About Not Not Writing

(Disclaimer: All quoted material is not verbatim but a fair, possibly humorous, representation.)


About 3 ½ years ago I wrote a blog post about why it was good that I wasn’t writing blog posts, and since then I have been successful at not writing about further not writing. I don’t really mean not writing but different writing. Or maybe not not writing not different writing. Back then, I was blogging regularly because I wasn’t writing. I know blogging is writing, but writing isn’t always blogging. Sheesh. This is going not well. Lemme start over.

According to the legend, when Satan tested Jesus with food as he hungrily walked through the wilderness, Jesus turned it down due to the prospect of delayed versus immediate gratification. So that’s kind of what I’m going for here. While I don’t really grasp everything there is to know about Jesus, I’m pretty much down with the gratification part, and it’s working out okay so far.

When I was blogging several times a week with book and film reviews, short stories, and social commentary, I was “writing” but not the writing I really wanted to write. It was immediate gratification, but it was dragging down progress on my novel(s). Then, 3 ½ years ago, I switched that up. I cut back on the blogging and dug deeper into what was – for me, but not for everyone – the real writing. That included finishing outlines, first drafts, edits, and revisions. It also meant the dreaded querying. Heavy on the dread, but also heavy on the necessity.

Fast forward 3 years to the last week of this past June, when I had the query polished well enough to pester agents with it. I did what many writers do: send 10 queries, wait for the rejections, then send 10 more. There were 3 rejections rather quickly, 3 never replied at all, and 3 sent rejections weeks and months later. Mixed in there was one agent who, after reading the first 25 pages, wanted to see the rest, then added, “Give me about 6 weeks and I’ll get back to you with some feedback. Also, send me a blurb about anything else you’re working on.”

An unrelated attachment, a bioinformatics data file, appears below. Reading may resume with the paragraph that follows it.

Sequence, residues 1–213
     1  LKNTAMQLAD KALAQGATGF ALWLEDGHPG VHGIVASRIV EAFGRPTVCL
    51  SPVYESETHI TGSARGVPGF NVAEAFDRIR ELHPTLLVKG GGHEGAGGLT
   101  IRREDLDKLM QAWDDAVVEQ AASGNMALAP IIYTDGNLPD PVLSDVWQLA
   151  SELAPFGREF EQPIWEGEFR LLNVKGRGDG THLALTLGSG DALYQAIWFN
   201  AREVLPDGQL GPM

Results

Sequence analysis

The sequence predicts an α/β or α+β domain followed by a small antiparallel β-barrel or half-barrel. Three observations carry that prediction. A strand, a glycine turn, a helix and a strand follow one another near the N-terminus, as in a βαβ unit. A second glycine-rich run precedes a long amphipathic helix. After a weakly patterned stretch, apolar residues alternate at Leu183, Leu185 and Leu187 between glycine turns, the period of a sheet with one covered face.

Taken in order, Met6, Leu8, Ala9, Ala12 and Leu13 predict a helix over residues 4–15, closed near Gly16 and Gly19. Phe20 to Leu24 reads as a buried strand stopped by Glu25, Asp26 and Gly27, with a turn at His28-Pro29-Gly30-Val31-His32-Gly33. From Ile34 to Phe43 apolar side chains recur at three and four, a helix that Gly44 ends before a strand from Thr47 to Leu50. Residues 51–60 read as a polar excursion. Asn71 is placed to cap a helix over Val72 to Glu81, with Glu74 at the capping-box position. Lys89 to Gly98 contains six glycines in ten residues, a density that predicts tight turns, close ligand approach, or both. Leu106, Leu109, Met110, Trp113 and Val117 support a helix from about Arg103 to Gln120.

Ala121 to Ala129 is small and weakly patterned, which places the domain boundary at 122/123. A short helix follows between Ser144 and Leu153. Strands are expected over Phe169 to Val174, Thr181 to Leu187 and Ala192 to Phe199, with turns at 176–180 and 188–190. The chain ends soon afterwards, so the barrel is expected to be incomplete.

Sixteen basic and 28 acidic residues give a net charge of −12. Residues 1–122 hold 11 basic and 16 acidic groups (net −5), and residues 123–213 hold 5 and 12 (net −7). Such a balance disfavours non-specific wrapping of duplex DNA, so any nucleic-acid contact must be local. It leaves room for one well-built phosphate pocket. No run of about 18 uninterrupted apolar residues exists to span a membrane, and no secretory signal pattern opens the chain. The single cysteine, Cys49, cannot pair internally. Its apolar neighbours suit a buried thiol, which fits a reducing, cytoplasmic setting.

Nice. (More about the agent at the end)

So from the first week in July to the first week in September, I waited nervously to be told, “Thanks, but no thanks” so I could then send the next batch of 10 queries. It’s not good business to continue querying when someone is interested. I think it’s called “exclusivity” or something like that.

When it reached 8 weeks, I couldn’t resist poking the agent with a, “Hey, just wondering how it’s going” email. I was very nervous about being annoying, but I felt it would be okay if I was polite. The reply was, “Yeah, just been really busy, but I’ll get to it.” Still nice. However, another 8 weeks would go by without a word. Ugh. What had started in early July was carrying on just before Thanksgiving.

Re-poke: “Hey, just thought maybe you didn’t like it as much as you first thought, but…”

Re-ply: “It’s the next thing I’m going to read, right on top of my pile.”

Deep breath.

Then, not even a week later, “Hey, this is great writing. Needs a little work, but I think you got something here. Also, those other things you’re working on all sound like the kind of stuff I like. Let’s talk about that too, especially that ghost story.”

Which brings us to today. According to the math, 3.5 years + delayed gratification = progress. I have an agent who is highly interested. Not committed, not signed and sealed, but highly interested. I have a few things to change, but it’s manageable and not at all difficult.

The point of all this is not to pat myself on the back because I haven’t yet done anything worth patting about. However, I’m constantly trying to tell other writers that writing is work. Getting published is work. But it will be – should it happen – completely well worth it compared to settling for self-publishing. Please, I can’t stress it enough, self-publishing sometimes is the result of a fear of failure. I know because I’ve done it. And after having done it, I felt more failure than I would have if I had pursued traditional publishing and failed, which I’ve also done of previous projects.

But that’s not what this post is about. This post is just about explaining where I’ve been and what I’ve been doing. I stopped writing so I could focus on writing, and it look like it might work out okay.


About the agent: because of my pessimism and paranoia, I’m not naming the agent. Not even his gender. The gender. 😉 There are many fly-by-night agents out there, but this one is solid. Someone I know has had multiples titles published through the same agent, at least one title with St. Martin’s Press. That’s reputable enough for me.

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